The Golden Phoenix: Eight French-Canadian Fairy Tales by Marius Barbeau
Retold by Michael Hornyansky. Illustrated by Arthur Price
Finished: Mar. 12, 2009
First Published: 1958
Genre: fairy tales, folklore
Reason for Reading: As many of my regular readers will know I always read a tale (fairy, folk, myth, legend, etc) to my 8yo each school day as a part of our homeschool day. We are currently learning North American history and the French-Canadian tale is appropriate to read at this time.
There was once a King renowned for his wisdom.
Comments: This is a collection of eight tales collected by Marius Barbeau (b. 1883) during the first half of the 20th century. He set out in Grimm fashion and collected fairy tales and folklore, from the French-Canadians, that had been passed down generation to generation since the 1600s. His entire collection is housed at the National Museum of Canada. When he wrote these tales he wrote in the words of the people telling the tales, usually rural, uneducated folks. He then collaborated with Michael Horyanski to re-write a small selection in a polished literary manner suitable for the masses to read and enjoy.
I have always had this book my entire life. Not the exact copy I have now, but whenever for some reason I give up the book I will always find another at a thrift shopgarage sale and pick it up again. As a child I had the scholastic paperback, but I have never read the book until now; some thirty-odd years later!
These tales are European in origin, most but not all, have a French setting and they have most likely been altered from there European origin by the French-Canadians in their re-telling through the generations. None of them however is set in Canada, or Canadianized. These are some of the best fairy tales I've read. Each is rather long, we would read half one day and half the next. They mostly follow the tradition of three brothers who set out to accomplish something and the youngest one comes back with the prize and usually a princess to boot. Again mostly, each uses repetition as a literary device, brother two following the exact same steps as one, then brother three following along until he deviates by being so much wiser than the others. The brother theme is just an example, each one of these tales is unique and many traditional fairy tale plots are included. The artwork is clearly a product of the time of publication, being black and white drawings with a singular colour (ie. red, yellow, etc) added in.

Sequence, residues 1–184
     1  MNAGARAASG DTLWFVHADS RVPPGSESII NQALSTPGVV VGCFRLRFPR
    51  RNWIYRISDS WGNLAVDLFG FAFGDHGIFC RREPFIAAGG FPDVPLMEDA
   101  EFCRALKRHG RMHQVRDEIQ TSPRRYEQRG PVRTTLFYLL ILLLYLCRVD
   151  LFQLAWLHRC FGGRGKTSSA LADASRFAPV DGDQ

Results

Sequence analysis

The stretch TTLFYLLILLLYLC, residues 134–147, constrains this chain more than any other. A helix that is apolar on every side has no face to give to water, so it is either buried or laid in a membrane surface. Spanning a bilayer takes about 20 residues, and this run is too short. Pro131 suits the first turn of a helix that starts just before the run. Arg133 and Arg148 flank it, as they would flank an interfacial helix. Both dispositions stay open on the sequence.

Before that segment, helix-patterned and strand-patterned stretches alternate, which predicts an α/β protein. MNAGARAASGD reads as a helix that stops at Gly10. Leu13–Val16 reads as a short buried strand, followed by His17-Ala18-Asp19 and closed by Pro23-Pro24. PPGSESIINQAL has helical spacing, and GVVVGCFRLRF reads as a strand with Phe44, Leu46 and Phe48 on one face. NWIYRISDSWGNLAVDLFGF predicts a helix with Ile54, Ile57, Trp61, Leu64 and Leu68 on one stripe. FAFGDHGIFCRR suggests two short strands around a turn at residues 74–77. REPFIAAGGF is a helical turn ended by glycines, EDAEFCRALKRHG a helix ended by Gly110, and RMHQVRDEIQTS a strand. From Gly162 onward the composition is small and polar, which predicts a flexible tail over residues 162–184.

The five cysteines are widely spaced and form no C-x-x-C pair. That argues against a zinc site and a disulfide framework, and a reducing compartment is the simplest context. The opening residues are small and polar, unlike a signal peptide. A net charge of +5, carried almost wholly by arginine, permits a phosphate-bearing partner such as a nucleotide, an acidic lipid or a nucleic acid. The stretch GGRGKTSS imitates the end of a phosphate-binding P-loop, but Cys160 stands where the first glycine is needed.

The 8yo really enjoyed these tales, in fact he was often spellbound. There is something special about a book your are reading to your child and when glancing over at them to see that look on their face as they hang onto each word you read. I wholeheartedly recommend these tales to all, young and old, who are interested in traditional fairy tales. The book is currently out of print, but they always turn up in used book stores, thrift shops and garage sales plus I'm sure it will be readily available from online book dealers. Try to find a copy, it's worth the read.